Nfld. & Labrador·The Lowdown

How to protect yourself from scammers

The Royal Newfoundland Constabulary offers tips on what to watch out for, and what to do if you become a victim.

Police stress caution when dealing with people online or on the phone

RNC Const. James Cadigan said never provide personal information to someone over the phone or online. (Darryl Murphy/CBC)

Did you know that, according to the Canadian Anti-Fraud Centre, less than five per cent of mass marketing fraud is reported?

Here's The Lowdown from the Royal Newfoundland Constabulary about how to protect yourself from scams, and what to do if you become a victim.

Const. James Cadigan says if someone requests your personal information — that should set off an alarm bell.

Do not follow instructions to buy iTunes or Google Play gift cards. That is almost always a scam.- Const. James Cadigan

"Never provide personal information over the phone or through any Internet or online system," he said.

"If you do receive a call requesting bank information or any other personal information, request to call that person back at a number that you are familiar with."

Cadigan says never send money to people you meet online, and always be cautious when dealing with online or email correspondence.

"Do not follow instructions to buy iTunes or Google Play gift cards," he said. "That is almost always a scam."

And if something seems too good to be true, it probably is.

The Lowdown: Protecting yourself from scams

3 years ago
Duration 2:06
CBC Investigates speaks with the Royal Newfoundland Constabulary about how to spot a scam, and what to do if you become a victim.

"If you do receive information that you've won a lottery or cash prize of any kind, companies will never ask that you make a deposit or provide a payment to hold that prize for you," he said.

If you receive a strange email or message from a friend or family member, Cadigan suggests you contact them directly.

"There is a chance that their computer may have been compromised," he said.

Canada Revenue Agency scams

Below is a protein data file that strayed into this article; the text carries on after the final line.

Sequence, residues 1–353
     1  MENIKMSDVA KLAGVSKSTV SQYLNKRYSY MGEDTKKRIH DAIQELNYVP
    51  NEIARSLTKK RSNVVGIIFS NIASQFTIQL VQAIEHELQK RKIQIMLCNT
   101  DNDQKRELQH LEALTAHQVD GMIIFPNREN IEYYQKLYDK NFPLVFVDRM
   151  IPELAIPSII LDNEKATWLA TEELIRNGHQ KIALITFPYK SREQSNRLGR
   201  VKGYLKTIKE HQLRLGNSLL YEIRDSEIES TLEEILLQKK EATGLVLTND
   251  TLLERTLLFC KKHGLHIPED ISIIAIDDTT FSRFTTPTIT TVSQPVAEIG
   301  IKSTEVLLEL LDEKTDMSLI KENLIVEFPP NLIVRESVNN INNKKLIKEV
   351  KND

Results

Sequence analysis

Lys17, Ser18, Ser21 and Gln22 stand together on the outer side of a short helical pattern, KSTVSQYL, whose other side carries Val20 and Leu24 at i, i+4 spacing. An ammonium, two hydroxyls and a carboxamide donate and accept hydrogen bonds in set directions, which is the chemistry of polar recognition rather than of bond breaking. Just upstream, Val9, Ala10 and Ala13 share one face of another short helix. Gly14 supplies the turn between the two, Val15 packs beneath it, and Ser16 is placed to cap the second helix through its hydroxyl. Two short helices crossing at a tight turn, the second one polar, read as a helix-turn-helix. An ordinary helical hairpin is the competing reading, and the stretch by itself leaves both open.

Cadigan said there are things to keep in mind when taking calls from someone claiming to work for the Canada Revenue Agency.

"The Canada Revenue Agency will not threaten or use nasty language," he said, noting that it will also never leave personal information on an answering machine.

"They will not ask for personal information over text or email, and will not ask for payment by prepaid credit card."

What to do if you've been scammed

If someone suspects they've been scammed, the Canadian Anti-Fraud Centre suggests to first gather as much information as possible, including documents, receipts, emails, and text messages.

The incident should then be reported to local police.

"It's important that [the RNC has] the opportunity to follow up on these scams, to gain as much information as possible," Cadigan said.

The Canadian Anti-Fraud Centre also suggests calling them about the incident, as well as alerting the financial institution that's involved: a bank or credit union, a credit card company, a money-service business, or an internet payment service provider.

It also advises that a victim of identity fraud should place an alert on his or her accounts, and report it to both credit bureaus, Equifax and TransUnion.

The Canadian Anti-Fraud Centre says you should also share your story with friends, family members, and co-workers, because education is key in keeping someone else from falling prey to a scam.

The Lowdown is a series from CBC NL Investigates about consumer news you can use. If you have a story idea, email us:

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Jen White

CBC News

Jen White is a reporter and producer with CBC News in St. John's.